In a collaboration with Raj Chetty and Nathan Hendren from Harvard University and John Friedman from Brown University, we constructed the Opportunity Atlas, a comprehensive Census tract-level dataset of children’s outcomes in adulthood using data covering nearly the entire U.S. population. For each tract, we estimate children’s outcomes in adulthood such as earnings distributions and incarceration rates by parental income, race, and gender. These estimates allow us to trace the roots of outcomes such as poverty and incarceration to the neighborhoods in which children grew up.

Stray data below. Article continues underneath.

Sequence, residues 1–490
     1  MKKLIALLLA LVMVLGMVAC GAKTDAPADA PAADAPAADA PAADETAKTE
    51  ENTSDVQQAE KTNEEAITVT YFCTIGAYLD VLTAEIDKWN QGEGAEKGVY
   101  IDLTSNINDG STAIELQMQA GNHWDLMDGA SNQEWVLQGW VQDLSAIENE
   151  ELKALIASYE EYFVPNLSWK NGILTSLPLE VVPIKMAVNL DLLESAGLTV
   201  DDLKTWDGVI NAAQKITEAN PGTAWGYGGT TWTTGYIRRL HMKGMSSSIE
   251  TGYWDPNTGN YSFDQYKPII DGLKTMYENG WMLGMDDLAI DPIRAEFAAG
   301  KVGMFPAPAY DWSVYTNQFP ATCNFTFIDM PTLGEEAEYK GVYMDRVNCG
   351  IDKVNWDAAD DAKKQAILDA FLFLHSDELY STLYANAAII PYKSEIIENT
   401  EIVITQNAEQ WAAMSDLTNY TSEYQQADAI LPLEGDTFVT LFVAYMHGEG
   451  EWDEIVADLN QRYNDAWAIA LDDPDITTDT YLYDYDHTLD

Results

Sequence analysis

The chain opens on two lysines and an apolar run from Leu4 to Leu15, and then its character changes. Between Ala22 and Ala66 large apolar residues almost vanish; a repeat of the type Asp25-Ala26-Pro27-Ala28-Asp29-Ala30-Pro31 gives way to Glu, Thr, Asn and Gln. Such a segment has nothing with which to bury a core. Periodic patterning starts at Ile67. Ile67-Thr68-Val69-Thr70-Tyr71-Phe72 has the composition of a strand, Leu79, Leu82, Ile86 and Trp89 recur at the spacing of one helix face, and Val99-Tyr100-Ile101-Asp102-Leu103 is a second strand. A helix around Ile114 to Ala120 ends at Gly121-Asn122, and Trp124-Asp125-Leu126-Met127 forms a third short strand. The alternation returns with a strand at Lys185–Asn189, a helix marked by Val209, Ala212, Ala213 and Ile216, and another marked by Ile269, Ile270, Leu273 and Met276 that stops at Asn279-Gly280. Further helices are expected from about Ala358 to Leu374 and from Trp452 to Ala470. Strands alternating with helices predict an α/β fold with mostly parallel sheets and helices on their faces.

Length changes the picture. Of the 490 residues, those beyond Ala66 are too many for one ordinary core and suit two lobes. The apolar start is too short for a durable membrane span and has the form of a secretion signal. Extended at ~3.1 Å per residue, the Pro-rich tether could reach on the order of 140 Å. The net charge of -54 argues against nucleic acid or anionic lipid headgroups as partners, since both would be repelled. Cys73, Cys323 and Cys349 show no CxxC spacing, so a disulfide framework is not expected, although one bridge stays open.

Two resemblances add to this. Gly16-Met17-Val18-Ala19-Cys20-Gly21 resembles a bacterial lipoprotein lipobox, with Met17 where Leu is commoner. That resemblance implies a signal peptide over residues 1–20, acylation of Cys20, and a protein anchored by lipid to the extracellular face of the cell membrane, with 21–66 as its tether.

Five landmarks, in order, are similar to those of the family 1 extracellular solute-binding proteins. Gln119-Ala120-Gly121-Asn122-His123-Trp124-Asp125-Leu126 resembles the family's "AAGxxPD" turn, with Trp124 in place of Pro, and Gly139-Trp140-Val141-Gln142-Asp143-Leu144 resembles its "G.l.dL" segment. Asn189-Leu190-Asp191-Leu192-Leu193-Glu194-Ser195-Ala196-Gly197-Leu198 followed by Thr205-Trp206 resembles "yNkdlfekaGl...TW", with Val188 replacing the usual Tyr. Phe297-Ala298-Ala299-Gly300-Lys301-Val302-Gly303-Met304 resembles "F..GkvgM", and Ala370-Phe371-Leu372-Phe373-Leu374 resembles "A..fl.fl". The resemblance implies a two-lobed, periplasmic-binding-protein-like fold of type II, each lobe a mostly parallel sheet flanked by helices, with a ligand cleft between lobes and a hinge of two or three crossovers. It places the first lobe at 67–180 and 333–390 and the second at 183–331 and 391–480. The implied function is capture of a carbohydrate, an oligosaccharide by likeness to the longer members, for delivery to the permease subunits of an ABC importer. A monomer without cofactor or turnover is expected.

To build the Atlas, we use de-identified data from the 2000 and 2010 decennial Censuses linked to data from Federal income tax returns and the 2005-2015 American Community Surveys (ACS) to obtain information on income, parental characteristics, children's neighborhoods, and other variables. We focus on children born between 1978-1983, including those born in the U.S. and authorized childhood immigrants. Our data include the characteristics of 20 million children, approximately 94% of all children born during the time period.